- Threats to agriculture and soil quality – Drilling and fracking pose risks to the agricultural industry. Studies and case reports from across the country have highlighted instances of deaths, neurological disorders, aborted pregnancies, and stillbirths in cattle and goats associated with livestock coming into contact with wastewater. Potential water and air contamination puts soil quality as well as livestock health at risk. Additionally, farmers have expressed concern that nearby fracking operations can hurt the perception of agricultural quality and nullify value-added organic certification.
- Threats to the climate system – A range of studies have shown high levels of methane leaks from gas drilling and fracking operations, undermining the notion that natural gas is a climate solution or a transition fuel. Major studies have concluded that early work by the EPA greatly underestimated the impacts of methane and natural gas drilling on the climate. Drilling, fracking and expanded use of natural gas threaten not only to exacerbate climate change but also to stifle investments in, and expansion of, renewable energy.
- Inaccurate jobs claims, increased crime rates, and threats to property value and mortgages – Experiences in various states and accompanying studies have shown that the oil and gas industry’s promises for job creation from drilling for natural gas have been greatly exaggerated and that many of the jobs are short-lived and/or have gone to out-of-area workers. With the arrival of drilling and fracking operations, communities have experienced steep increases in rates of crime – including sexual assault, drunk driving, drug abuse, and violent victimization, all of which carry public health consequences. Social costs include strain on municipal services and road damage. Economic analyses have found that drilling and fracking operations threaten property values. Additionally, gas drilling and fracking pose an inherent conflict with mortgages and property insurance due to the hazardous materials used and the associated risks.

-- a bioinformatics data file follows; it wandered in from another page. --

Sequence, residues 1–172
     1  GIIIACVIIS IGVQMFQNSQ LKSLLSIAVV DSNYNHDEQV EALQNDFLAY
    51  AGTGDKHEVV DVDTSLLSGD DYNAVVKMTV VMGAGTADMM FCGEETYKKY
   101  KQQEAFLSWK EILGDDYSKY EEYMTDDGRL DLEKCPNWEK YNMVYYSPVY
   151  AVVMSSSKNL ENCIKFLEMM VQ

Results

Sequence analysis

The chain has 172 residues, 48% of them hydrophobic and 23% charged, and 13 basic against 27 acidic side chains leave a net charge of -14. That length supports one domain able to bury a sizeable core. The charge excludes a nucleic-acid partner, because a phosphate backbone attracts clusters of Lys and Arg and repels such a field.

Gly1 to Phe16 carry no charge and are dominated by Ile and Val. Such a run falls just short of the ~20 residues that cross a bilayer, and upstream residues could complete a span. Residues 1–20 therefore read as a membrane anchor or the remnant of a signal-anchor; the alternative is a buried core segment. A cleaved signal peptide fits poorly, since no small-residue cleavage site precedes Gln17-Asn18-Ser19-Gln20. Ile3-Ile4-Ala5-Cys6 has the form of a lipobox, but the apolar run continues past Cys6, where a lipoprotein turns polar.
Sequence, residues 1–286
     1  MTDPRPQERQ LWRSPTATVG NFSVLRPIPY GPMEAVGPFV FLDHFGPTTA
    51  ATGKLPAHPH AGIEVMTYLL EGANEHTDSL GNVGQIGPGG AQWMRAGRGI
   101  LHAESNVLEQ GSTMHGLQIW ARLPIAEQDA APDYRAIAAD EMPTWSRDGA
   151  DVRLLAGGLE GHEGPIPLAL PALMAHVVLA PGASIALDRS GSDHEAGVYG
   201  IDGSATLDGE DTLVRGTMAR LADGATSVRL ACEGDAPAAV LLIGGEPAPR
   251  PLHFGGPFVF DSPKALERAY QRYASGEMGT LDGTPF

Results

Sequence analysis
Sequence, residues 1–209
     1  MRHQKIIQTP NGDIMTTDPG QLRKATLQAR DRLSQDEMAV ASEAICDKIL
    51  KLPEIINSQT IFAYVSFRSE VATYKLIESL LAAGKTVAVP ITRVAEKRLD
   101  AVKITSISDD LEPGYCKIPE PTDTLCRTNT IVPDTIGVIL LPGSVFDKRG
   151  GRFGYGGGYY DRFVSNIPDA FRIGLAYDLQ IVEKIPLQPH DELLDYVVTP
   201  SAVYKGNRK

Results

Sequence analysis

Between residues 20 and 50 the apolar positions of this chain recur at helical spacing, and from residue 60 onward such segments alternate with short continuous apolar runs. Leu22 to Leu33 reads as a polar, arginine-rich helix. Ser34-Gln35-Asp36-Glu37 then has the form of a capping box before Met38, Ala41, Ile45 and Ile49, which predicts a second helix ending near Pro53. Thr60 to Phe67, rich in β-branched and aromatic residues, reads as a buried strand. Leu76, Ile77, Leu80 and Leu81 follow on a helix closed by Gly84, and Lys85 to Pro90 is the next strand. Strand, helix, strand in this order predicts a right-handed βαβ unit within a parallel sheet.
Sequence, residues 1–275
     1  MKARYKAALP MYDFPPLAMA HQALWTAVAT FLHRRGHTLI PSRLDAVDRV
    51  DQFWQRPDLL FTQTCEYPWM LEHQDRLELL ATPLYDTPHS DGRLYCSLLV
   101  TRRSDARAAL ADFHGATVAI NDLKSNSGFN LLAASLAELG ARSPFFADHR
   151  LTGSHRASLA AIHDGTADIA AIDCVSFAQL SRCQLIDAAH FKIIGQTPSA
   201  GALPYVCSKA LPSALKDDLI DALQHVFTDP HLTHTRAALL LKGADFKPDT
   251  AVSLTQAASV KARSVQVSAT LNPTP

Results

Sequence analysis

- Inflated estimates of oil and gas reserves and profitability – Industry estimates of oil and gas reserves and profitability of drilling have proven unreliable, casting serious doubts on the bright economic prospects the industry has painted for the public, media and investors. Increasingly, well production has been short-lived, which has led companies to reduce the value of their assets by billions of dollars.
- Disclosure of serious risks to investors – Oil and gas companies are required to disclose risks to their investors in an annual Form 10-K. Those disclosures acknowledge the inherent dangers posed by gas drilling and fracking operations, including leaks, spills, explosions, blowouts, environmental damage, property damage, injury and death. Adequate protections have not kept pace with these documented dangers and inherent risks.
- Medical and scientific calls for more study and more transparency – With increasing urgency, groups of medical professionals and scientists are issuing calls for comprehensive, long-term study of the full range of the potential health and ecosystem effects of drilling and fracking. These appeals underscore the accumulating evidence of harm, point to the major knowledge gaps that remain, and denounce the atmosphere of secrecy and intimidation that continues to impede the progress of scientific inquiry. Health professionals and scientists in the United States and around the world have urged tighter regulation of and in some cases, suspension of unconventional gas and oil extraction activities in order to limit, mitigate or eliminate its serious, adverse public health hazards.